My oldest got a thermos–the kind of gift that signals you’re growing up but not yet so grown up that you can expect only socks and long underwear–for Christmas. He’s in heaven. Now, when he sets the tea kettle on the stove each morning, he puts in enough water for both his regular morning cup (right now, Earl Grey with lavender) and a thermos full of tea.
He likes to get to school 20-30 minutes early (clearly, a genetic contribution from his father) so he can sip tea in the library while he pets Bentley, the school’s goldiedoodle, and reads the Standard-Examiner, our local paper. We get the Sunday edition but not the daily edition delivered, and that’s just not enough for this junior news junkie. He comes home with all kinds of news to report–local establishments we shouldn’t shop in (they permit open carry) and ones we need to frequent, events to put in the calendar, and new opinions gleaned from the editorial page. We’re learning a lot about our new state–what’s going on at the capitol, where to travel, the weather conditions that contribute to avalanches, the local festivals that seem to happen almost daily around here. His love of the newspaper is a reminder to me how important local coverage is.
Above, drinking tea, with a thermos ready to go to school, and reading the NYT from the day before, brought home from the university. Hope for the future!
Joel Mathis’ blog The Ike is only a few days old, but I’m calling it for what it is: a recognition that cities and states are where it’s at and that Kansas, home to so many Union soldiers that it was called “the Soldier State,” to the world’s largest socialist press (run by the Haldeman-Juliuses of Girard), and to the first lunch counter sit-ins (in Wichita, predating the sit-ins in Greensboro), continues to have much to offer the rest of the U.S.
Remember when Kansas politics was a model for pragmatic leadership? Above, native Kansan Dwight D. Eisenhower’s figure on the $1 coin (issued 1971-1978) is a reminder that leadership can be brave, reasonable, and compassionate.
Joel Mathis’ previous work has included, with Ben Boychuck, RedBlueAmerica, a Scripps Howard New Service point-counterpoint column on politics. His start, though, was in Kansas, and he’s back to help us understand what politics means in a state where figures as varied as John Brown, Carrie Nation, Eugene Debs, Fred Phelps, Bob Dole, Sam Brownback, Kris Kobach, and, of course, Dwight D. Eisenhower (the “Ike” of the blog’s title) have waged politics of national importance. RedBlueAmerica ended this year after nine years of trying to help us see issues from the other side, and you can read into that what you will. (Joel’s take: “We failed.” Ben’s: “In our defense, we were only trying to change a culture.”)
But if one side-effect of the end of RedBlueAmerica is that Joel is back to report on Kansas politics, I’m grateful. His work promises to be careful, accurate, and measured–open to and respectful of those in red, blue, and purple Kansas. Kansans are lucky to have him in house again after a lengthy stint writing in Philadelphia.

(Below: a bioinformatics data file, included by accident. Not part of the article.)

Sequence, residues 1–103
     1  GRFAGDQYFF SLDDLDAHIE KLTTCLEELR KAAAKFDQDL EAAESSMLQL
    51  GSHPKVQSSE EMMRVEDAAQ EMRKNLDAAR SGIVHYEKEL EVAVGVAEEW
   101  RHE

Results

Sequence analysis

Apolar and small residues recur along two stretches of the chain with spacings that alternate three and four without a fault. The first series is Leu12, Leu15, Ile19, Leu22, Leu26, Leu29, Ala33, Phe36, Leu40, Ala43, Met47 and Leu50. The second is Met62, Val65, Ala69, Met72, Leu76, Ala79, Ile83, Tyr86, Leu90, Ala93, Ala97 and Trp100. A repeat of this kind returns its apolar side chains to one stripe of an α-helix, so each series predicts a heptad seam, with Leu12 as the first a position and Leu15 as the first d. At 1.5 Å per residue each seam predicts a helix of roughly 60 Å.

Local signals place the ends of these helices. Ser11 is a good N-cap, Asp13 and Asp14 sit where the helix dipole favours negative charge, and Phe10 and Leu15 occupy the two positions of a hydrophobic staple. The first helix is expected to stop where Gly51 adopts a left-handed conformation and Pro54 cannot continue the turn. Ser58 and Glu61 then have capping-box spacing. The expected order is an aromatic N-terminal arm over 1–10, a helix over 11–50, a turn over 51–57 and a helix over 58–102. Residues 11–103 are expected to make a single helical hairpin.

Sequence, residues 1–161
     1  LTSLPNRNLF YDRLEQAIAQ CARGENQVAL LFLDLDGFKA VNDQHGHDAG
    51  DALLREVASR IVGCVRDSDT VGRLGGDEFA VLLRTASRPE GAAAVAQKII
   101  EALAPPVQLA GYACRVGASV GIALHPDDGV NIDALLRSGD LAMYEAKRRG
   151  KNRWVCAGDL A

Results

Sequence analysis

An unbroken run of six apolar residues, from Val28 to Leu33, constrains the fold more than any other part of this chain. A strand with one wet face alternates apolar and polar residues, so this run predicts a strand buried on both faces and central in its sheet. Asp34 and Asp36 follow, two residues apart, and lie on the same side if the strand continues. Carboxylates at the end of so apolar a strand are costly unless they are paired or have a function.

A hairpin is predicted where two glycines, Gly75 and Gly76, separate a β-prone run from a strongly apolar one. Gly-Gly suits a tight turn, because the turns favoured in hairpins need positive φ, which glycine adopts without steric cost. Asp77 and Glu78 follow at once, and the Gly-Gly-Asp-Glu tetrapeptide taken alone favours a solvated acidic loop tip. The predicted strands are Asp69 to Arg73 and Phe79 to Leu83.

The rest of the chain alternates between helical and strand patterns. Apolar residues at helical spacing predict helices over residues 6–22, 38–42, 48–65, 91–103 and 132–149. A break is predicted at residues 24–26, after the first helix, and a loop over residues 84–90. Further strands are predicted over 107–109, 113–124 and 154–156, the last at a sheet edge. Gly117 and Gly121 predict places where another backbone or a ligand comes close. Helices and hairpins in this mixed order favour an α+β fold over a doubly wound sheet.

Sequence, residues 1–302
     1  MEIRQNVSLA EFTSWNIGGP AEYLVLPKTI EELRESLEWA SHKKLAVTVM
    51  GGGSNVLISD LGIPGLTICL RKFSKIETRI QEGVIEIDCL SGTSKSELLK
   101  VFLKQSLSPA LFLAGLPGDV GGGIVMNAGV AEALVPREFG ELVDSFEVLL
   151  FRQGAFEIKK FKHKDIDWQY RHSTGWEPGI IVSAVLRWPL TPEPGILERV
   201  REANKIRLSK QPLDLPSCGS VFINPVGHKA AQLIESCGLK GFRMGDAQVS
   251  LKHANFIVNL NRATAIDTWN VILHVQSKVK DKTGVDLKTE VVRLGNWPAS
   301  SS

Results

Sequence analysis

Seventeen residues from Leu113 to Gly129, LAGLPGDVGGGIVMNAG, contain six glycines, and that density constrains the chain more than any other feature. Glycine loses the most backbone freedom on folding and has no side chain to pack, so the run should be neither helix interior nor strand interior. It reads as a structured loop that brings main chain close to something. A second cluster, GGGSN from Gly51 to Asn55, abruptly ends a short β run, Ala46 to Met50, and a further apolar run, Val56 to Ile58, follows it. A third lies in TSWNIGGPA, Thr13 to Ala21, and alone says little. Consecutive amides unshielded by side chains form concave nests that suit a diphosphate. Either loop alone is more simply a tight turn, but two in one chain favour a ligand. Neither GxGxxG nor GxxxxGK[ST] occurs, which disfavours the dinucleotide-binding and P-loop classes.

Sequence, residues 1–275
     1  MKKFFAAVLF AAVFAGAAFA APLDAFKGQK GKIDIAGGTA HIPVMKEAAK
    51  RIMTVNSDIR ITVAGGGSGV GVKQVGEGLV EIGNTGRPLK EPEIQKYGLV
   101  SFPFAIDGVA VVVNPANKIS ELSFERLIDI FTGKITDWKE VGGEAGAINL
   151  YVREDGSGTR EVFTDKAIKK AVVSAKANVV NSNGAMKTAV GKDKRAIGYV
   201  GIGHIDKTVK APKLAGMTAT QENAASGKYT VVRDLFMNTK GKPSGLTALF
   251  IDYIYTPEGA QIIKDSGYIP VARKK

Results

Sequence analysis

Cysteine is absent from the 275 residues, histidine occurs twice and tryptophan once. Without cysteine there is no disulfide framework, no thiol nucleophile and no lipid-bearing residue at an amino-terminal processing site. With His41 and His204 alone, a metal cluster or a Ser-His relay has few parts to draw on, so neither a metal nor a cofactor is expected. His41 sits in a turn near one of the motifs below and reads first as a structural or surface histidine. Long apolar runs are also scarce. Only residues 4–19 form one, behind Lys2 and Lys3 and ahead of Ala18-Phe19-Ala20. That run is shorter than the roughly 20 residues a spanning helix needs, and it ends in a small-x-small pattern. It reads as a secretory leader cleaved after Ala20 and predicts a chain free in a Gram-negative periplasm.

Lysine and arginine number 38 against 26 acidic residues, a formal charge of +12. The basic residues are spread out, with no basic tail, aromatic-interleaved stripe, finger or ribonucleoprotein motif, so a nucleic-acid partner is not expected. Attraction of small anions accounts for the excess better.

And the US, I really do believe, is lucky to have Kansas. For as much of an utter failure* its politics have been in the last years–enough that it will take a generation to heal the wounds of Brownback’s assault on the state–it is also a place of possibility, especially as rural depopulation continues to shift the population to urban centers that are more diverse and progressive.
Even as, at the national level, Republicans continue to control both the House and the Senate, they lost three seats in the Senate to Democrats–relatively unusual in an election when Republican took the White House–and five in the House. Kansas also saw a shift to Democrats. The Sunflower State, which has already experienced the same stupidity that the new Trump administration promises to inflict on the rest of the nation, went solidly (57.2%) for Trump after roundly rejecting him in favor of Cruz in the primary (48.2% to 23.3%). But, after moderate Republicans ousted 14 of the state’s most conservative nihilists in the August primaries, Democrats in the state still picked up a state Senate seat and 12 seats in the House. It’s not enough to turn Kansas blue, but it is a sign of hope worth noting. And Sanders’ significant victory over Clinton in the primary is worth watching as he was likely picking up votes from disaffected Republicans as well as Democrats who have not seen the national party’s strategies work in Kansas. If Democrats are truly interested in a 50 state strategy, Kansas could provide a good testing ground.
Even as journalism has scaled back its state and local reporting, the need for that reporting remains high; our failure to be informed was probably one of the reasons so many folks were surprised by the Trump win. (Also, voter suppression, inept poll workers and failing voting machines, the Bradley effect among white voters too ashamed to admit they planned on voting for a hatemonger, overestimation of Republicans’ commitments to their own principles, plus several problems with the Democratic candidate and her campaign). I hope (and I pay money to my local newspaper to insure) that local coverage can contribute to an informed citizenry. Thanks to Joel and other journalists bringing their expertise and training to the state and local scene for helping make that happen.
*How much of a failure? Topeka’s VA hospital no longer provides outpatient care for veterans with PTSD. Instead, veterans are encouraged to exercise their “freedom of choice” and find a clinician in private practice. That’s right: the state is reneging on its commitment to care for some of its most vulnerable veterans.